I have picked skin care products.
Lately I have done few post featuring honey and bees. With this post I am returning to the same theme. Everything you can see been created in Adobe Photoshop and Adobe Illustrator.
“Honey is the oldest skin-care ingredient and has been used extensively for both medical and skin-care purposes,” confirms Neil Sadick, MD, the very skin-serious founder of Sadick Dermatology in New York.
If you’ve got skin issues, honey’s a great go-to because it tackles many of the major ones: “It has antibacterial properties, anti-inflammatory properties, and it nurtures the skin. Honey’s particularly suitable for sensitive skin,” Dr. Sadick says.
You might not think of the thick, sweet stuff as a salve for breakouts, but honey’s antibacterial powers are so strong that it can help acne. “Honey has a very low pH, so a lot of bacterias cannot survive in honey,” says Carla Marina Marchese, the founder and beekeeper behind Red Bee Honey. “It’s about a 3.5 on average on the pH scale, and a lot of bacteria needs to thrive in closer to a 7 on the scale.”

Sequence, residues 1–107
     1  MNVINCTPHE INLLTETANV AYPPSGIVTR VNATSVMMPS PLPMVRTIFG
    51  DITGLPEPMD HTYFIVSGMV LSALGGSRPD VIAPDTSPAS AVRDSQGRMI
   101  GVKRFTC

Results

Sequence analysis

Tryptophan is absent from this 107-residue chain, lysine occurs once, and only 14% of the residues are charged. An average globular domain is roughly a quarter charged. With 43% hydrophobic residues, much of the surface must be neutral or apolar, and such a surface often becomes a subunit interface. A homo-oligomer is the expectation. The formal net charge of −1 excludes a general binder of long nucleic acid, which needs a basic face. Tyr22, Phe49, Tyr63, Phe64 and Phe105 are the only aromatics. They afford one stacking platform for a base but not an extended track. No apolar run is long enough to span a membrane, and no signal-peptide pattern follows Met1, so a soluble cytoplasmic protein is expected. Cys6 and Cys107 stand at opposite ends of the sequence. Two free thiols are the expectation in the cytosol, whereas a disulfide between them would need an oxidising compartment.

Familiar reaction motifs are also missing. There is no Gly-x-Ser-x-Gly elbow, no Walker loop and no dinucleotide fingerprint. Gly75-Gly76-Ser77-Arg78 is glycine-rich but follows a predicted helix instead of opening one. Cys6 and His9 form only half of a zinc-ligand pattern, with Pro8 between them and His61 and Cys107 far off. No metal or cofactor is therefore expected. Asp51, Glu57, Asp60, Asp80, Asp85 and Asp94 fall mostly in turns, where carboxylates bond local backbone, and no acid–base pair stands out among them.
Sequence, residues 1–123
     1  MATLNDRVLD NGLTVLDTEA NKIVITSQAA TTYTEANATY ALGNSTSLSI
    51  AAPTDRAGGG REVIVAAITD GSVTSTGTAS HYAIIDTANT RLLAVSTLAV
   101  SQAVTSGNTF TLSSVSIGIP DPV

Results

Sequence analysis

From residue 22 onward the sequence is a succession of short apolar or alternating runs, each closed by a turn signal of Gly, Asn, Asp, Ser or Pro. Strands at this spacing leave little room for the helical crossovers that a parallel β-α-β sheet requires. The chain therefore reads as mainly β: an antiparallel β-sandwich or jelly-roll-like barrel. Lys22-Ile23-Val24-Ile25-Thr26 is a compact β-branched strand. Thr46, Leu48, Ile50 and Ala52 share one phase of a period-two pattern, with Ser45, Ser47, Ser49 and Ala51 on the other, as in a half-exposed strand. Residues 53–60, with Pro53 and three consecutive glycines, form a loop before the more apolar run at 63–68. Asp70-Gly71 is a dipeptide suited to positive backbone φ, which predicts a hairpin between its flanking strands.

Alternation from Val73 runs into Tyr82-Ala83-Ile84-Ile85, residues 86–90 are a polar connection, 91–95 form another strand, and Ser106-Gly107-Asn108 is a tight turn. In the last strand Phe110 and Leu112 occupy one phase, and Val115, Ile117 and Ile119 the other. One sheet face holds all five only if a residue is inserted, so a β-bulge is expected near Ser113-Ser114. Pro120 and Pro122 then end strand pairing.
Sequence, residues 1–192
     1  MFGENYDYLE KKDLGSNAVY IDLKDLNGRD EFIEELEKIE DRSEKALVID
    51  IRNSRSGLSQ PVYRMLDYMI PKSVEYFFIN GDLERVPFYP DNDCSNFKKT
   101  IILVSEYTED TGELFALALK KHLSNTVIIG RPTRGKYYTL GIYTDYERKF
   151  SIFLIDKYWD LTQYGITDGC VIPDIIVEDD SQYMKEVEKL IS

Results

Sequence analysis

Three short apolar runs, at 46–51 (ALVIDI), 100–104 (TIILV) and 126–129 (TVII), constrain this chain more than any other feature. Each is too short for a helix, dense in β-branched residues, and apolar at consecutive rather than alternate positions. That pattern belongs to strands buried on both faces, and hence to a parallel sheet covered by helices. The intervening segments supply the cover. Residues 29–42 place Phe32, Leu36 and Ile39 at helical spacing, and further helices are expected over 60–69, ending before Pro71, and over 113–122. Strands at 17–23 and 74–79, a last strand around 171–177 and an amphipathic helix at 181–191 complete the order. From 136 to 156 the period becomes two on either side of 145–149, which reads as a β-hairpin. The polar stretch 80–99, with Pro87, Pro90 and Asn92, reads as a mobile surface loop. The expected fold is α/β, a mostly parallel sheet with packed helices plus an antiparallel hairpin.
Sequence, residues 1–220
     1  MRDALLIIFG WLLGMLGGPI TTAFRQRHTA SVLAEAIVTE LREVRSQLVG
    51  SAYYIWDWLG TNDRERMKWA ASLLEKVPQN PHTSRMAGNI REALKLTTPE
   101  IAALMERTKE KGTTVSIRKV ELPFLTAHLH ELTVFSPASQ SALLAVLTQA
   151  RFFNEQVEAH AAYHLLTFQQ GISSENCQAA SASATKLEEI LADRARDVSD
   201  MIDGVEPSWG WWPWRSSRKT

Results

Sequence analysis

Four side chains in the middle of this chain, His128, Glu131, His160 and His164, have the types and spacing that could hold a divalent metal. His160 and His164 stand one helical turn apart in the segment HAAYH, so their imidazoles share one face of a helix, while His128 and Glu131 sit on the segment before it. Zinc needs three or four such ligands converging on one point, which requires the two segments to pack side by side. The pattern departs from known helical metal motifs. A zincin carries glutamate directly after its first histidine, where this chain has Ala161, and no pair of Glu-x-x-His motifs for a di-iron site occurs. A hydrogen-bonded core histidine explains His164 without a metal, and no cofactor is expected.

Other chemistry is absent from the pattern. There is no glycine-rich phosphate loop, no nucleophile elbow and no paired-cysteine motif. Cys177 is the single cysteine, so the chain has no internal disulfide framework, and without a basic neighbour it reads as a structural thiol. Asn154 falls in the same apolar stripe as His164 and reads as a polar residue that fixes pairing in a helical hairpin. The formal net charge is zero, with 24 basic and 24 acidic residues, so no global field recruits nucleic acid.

This new post is about a poster I had to create for Healthy Lunch Club. I had to complete this task very quickly so I had no time to spare.
The general idea was to create something quite simple and interesting. These are the ideas I came up with.
It is for a protected housing association with limited budget for printing and so I couldn’t go very crazy with colors.